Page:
Greywater into beer? Environmental innovations being discussed at APEC events

The APEC University Leaders Forum drew more than 130 University presidents, professors, researchers, and politicians from APEC's 21 member economies to San Francisco's Commonwealth Club Tuesday, for a day of speeches and panel discussions on the topic "Investing in Tomorrow's Biodiversity."

Eric Palkovacs, one of the Forum organizers and a professor at UC Santa Cruz says it was exciting to hear people discuss a wide range of environmental issues.

"We talked about the important role of biodiversity. We talked about the important role of climate change in coastal communities, in particular. That's obviously a big issue here in California. We talked about water, the importance of water in agriculture, and then we talked about food security," said Palkovacs.

"Government and the corporate sector are not going to move as far as we need them to in the time that we have," said Scott Sampson, the keynote speaker and executive director of the California Academy of Sciences, "If the general public can get aligned on what's needed in a thriving future, we can influence government, we can influence the corporate sector, and one way we can do that is through higher education."

"We have growing concerns around sea level rise, and increased frequency of storms and storm surge and damage associated with those sorts of things," said Karen Fisher, associate professor at the University of Auckland, New Zealand, who participated in one of the panels.

"For Filippinos for example, climate change is real. It is not a theoretical concept. It is not an abstract concept. We feel it in the form of more frequent typhoons. Stronger ones," said Angelo Jimenez, President of the University of the Philippines who says he hopes universities will play a greater role in getting involved in the discussions with policymakers and getting messages about science and the  climate to the general public.

"We try to push it, but for the developing country and developed country we may push at a different pace," said Dr. Paveesuda Decharin, assistant director at Synphaet Seriruk Hospital in Thailand.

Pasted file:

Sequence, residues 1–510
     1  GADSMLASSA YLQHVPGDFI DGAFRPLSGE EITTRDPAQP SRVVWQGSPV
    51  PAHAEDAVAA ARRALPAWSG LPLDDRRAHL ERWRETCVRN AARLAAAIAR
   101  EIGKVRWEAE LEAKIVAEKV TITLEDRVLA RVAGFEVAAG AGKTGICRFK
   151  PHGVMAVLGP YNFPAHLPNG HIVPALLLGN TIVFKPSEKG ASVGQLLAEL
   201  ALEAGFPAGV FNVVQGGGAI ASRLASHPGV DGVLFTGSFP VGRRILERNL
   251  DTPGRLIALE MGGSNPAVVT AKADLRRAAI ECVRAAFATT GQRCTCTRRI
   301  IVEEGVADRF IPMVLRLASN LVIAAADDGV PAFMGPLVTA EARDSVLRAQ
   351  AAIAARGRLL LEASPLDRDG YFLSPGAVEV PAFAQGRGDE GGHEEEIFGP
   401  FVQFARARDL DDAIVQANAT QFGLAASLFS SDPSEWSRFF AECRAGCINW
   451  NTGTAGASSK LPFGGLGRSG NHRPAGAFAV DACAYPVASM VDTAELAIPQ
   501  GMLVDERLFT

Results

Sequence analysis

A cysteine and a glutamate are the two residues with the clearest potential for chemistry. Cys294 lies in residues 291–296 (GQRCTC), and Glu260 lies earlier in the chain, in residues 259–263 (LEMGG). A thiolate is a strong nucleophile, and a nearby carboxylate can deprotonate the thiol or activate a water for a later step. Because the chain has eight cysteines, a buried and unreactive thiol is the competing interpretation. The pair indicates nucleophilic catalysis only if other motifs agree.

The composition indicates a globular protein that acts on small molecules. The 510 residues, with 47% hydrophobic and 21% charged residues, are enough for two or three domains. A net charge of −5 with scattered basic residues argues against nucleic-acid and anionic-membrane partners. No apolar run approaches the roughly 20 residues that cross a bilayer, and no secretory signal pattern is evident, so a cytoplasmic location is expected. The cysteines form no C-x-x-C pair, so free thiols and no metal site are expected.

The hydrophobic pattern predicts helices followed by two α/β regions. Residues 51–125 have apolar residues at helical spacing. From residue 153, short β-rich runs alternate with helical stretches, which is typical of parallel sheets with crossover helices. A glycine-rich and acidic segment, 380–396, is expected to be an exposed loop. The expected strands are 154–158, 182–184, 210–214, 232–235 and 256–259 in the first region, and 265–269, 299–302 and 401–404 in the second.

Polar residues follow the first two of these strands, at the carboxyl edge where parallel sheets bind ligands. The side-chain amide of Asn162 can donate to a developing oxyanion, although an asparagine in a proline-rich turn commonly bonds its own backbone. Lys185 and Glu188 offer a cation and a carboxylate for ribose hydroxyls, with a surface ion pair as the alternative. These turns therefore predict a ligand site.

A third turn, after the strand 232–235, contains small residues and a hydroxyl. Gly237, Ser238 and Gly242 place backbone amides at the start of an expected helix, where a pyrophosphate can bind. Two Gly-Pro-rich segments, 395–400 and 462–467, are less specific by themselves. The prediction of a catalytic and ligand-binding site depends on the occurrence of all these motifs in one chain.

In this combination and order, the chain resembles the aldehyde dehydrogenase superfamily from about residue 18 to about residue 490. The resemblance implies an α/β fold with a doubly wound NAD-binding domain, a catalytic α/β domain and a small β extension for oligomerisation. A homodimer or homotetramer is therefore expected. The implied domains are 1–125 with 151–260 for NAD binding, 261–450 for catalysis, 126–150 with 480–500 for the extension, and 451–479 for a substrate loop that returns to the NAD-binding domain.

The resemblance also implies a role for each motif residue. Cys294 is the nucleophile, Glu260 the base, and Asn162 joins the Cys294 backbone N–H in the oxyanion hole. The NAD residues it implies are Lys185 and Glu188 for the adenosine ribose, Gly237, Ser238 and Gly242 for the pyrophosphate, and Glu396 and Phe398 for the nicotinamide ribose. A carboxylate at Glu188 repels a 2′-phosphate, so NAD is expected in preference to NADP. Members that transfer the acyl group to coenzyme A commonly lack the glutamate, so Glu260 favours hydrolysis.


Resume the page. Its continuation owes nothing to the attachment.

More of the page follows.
The pressures of global population growth was also a topic of discussion when it came to food security.

"When we think about trying to get to 2050, we need about 50% more food. And that's a huge challenge, because we're going to add another 1-1.5 billion people to the planet," said Jack Bobo, director of the Food Systems Institute at University of Nottingham in the United Kingdom.

There was a call for professors, entrepreneurs and politicians to work together.

"We need more innovation but we need governments to put in place the laws, and policies, and regulations that allow those new innovations to come to market because science moves fast and governments move slow," said Bobo.

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Across town, preparations for the APEC CEO Summit brought attendees to Epic Cleantec, a San Francisco water recycling startup on Market Street where the golden toilet statue said it all.

"Our elected officials, our leaders came together and said why are we still using fresh water from our national parks to flush our toilets?" said Aaron Tartakovsky, Co-founder & CEO of Epic Cleantec, which is started with his father.

"San Francisco is the first city in the country to actually require that all new large buildings have to have on-site water recyling systems," said Tartakovsky, who led a tour for APEC attendees of the company facility which has a special chemical process that makes waste water into usable gray water and soil.

"Within this little one block radius we have three of the first on-site water recycling systems in the world, which for us is exciting because we have visitors from all around the world," said Tartakovsky showed their recycling process in action.

"We have 70% of the world's population by 2050. The rate at which we're building new buildings globally is like another New York City every month from now until then. We have to do things differently," said Tartakovsky.

Epic Cleantec has even devised a way of turning greywater into beer, which they say will be served at one APEC reception this week.